GAINESVILLE, Fla. — While the spring quarterback spotlight shines on Florida redshirt freshmen Feleipe Franks and Kyle Trask, coach Jim McElwain said newcomer Kadarius Toney has turned some heads already.
Toney, who joined the Gators as an early enrollee and is listed as an “athlete” on the roster, has been working at quarterback and could have the coaches getting a little creative with different packages.
“I think there’s going to be some things we’re going to be able to do with him in some package, a lot like we were doing with Dre (Massey) a little bit, only more so that he really has been (at) quarterback,” McElwain said. “He pulled one down and took one very quickly to the end zone from a ways away and caught the eyes of not only us as coaches but the team.”
Massey, a slot receiver by trade, was set to be used in a variety of ways last season before tearing the ACL in his right knee while returning 2016’s season-opening kickoff.
McElwain raved about the overall team speed he sees on the field this spring and the 5-foot-11, 180-pound Toney is part of that. While it remains unclear if he’ll remain at quarterback or move to another position, Toney made an early impression with his raw play-making abilities.
Whether it’s Massey, Toney or whoever, McElwain clearly wants the Gators to have a few more tricks in their bag this fall after feeling the offense was too predictable at times in 2016.
“I think it’s something that gives the defense something else to kind of have to focus on and work on,” he said. “It gives you a change of pace back there. I don’t know, you get bored sometimes too. It’s kind of fun to do.”
McElwain said he’s almost always had that change-of-pace option to mix in at the quarterback spot or perhaps in a wildcat capacity. A few examples:
- Stefan LeFors at Louisville (behind starter Dave Ragone)
- Drew Stanton at Michigan State when he was in a backup role
- Wide receiver Marquis Maze (a former high school quarterback) at Alabama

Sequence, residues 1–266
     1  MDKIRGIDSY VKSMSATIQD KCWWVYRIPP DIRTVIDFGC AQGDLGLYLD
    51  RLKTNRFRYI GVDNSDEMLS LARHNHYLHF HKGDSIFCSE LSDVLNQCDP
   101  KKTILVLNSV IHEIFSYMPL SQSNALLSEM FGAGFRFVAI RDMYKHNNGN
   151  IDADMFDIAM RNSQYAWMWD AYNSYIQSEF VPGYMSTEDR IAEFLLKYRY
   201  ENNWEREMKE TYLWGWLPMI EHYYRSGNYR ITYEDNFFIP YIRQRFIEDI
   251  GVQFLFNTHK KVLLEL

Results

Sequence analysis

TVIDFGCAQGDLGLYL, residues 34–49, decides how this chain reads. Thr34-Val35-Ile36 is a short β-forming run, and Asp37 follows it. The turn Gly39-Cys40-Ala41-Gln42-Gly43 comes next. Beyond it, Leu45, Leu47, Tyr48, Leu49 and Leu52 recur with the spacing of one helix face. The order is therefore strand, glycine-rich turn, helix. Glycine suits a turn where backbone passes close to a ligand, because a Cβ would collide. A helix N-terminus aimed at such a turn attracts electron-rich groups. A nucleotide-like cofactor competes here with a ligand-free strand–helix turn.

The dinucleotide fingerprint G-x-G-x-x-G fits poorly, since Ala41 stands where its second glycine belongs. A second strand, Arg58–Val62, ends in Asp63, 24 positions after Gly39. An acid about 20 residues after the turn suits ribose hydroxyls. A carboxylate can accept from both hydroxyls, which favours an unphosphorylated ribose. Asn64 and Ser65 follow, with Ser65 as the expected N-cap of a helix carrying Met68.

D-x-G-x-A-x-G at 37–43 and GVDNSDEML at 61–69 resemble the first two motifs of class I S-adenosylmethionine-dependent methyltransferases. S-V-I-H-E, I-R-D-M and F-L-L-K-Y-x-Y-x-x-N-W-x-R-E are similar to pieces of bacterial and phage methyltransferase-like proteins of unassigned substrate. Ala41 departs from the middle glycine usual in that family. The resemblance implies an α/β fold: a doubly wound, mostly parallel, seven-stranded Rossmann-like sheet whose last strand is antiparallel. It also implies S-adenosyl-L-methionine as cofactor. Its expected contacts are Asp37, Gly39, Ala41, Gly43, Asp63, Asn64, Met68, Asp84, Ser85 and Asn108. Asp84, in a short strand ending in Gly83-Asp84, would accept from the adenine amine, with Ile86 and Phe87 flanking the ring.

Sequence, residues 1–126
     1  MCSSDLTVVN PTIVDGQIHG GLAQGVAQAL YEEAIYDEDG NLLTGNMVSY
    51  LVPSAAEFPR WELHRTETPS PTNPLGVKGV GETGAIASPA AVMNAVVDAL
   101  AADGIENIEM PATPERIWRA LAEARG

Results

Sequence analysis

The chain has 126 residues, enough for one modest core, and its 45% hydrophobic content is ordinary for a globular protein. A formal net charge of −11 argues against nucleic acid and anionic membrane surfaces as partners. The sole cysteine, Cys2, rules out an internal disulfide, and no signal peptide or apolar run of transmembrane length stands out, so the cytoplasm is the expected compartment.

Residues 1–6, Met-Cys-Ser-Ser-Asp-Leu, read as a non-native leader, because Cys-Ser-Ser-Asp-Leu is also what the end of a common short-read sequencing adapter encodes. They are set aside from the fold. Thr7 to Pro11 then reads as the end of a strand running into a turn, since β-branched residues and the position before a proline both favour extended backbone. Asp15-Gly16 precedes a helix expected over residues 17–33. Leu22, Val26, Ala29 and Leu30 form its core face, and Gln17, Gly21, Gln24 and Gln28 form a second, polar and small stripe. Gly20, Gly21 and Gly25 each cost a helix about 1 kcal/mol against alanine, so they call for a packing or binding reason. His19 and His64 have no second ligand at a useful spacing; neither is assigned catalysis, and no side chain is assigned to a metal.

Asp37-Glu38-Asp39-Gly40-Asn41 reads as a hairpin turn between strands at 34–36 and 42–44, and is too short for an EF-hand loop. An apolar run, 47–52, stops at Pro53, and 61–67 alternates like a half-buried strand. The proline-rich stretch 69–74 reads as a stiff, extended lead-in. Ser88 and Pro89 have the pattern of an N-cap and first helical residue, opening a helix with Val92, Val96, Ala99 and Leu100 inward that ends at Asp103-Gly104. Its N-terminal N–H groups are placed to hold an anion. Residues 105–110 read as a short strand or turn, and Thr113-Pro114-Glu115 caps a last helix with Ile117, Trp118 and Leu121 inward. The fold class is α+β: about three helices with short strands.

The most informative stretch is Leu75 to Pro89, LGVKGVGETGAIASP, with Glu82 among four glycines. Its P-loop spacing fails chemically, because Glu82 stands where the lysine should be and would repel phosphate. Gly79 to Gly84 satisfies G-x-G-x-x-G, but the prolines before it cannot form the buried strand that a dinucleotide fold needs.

Toney finished his senior season at Blount High School in Eight Mile, Ala., with 2,894 yards and 32 touchdowns passing while also rushing for 894 yards and 15 touchdowns.
“When you evaluate film and you see a guy like that, when the ball gets in his hands, every time he touches the ball something good happens for his team,” Gators offensive coordinator Doug Nussmeier said. “So when you look at a guy like that, you say, ‘OK, where can he play? Well he can play multiple positions. What does he do with the ball in his hands? Well, he can throw, he can play without the ball in his hands. He’s done that before, so there’s a lot of different elements he provides to you as an offense.”
As for building those new wrinkles into the offense, though, McElwain indicated that would mostly come later in the process. He wants the spring to be about fundamentals and individual improvement.
“I think one of the things is that you find yourself kind of getting in a little bit of a rut, and all of a sudden you can’t do this, you can’t do that because they’re doing this. That kind of thing. Rather than, it doesn’t matter what anybody else is doing, let’s continue to grow and be creative,” he said. “It’s been good with the new (assistant coaches) coming in as well, just new thoughts, new way of looking at things, that kind of stuff. (But we’re) not as concerned in spring with schemes as we are about guys getting individually and fundamentally better. That’s the age-old approach, and yet there’s a lot of new things that we’re doing that’s kind of fun to see.”